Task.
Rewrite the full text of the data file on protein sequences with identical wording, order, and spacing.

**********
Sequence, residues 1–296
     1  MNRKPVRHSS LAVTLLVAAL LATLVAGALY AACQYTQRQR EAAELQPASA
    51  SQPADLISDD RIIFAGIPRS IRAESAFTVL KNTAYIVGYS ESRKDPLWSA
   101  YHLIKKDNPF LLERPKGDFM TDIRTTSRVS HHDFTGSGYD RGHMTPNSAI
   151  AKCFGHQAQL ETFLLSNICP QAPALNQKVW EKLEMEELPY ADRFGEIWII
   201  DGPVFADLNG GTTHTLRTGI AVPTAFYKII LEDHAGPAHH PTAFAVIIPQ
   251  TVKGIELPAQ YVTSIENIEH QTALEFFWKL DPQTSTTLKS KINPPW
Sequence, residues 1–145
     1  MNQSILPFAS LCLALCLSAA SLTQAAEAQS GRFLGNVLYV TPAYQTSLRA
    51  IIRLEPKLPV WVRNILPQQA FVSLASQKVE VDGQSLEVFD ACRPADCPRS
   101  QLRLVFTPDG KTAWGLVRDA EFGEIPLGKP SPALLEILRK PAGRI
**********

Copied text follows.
Sequence, residues 1–296
     1  MNRKPVRHSS LAVTLLVAAL LATLVAGALY AACQYTQRQR EAAELQPASA
    51  SQPADLISDD RIIFAGIPRS IRAESAFTVL KNTAYIVGYS ESRKDPLWSA
   101  YHLIKKDNPF LLERPKGDFM TDIRTTSRVS HHDFTGSGYD RGHMTPNSAI
   151  AKCFGHQAQL ETFLLSNICP QAPALNQKVW EKLEMEELPY ADRFGEIWII
   201  DGPVFADLNG GTTHTLRTGI AVPTAFYKII LEDHAGPAHH PTAFAVIIPQ
   251  TVKGIELPAQ YVTSIENIEH QTALEFFWKL DPQTSTTLKS KINPPW
Sequence, residues 1–145
     1  MNQSILPFAS LCLALCLSAA SLTQAAEAQS GRFLGNVLYV TPAYQTSLRA
    51  IIRLEPKLPV WVRNILPQQA FVSLASQKVE VDGQSLEVFD ACRPADCPRS
   101  QLRLVFTPDG KTAWGLVRDA EFGEIPLGKP SPALLEILRK PAGRI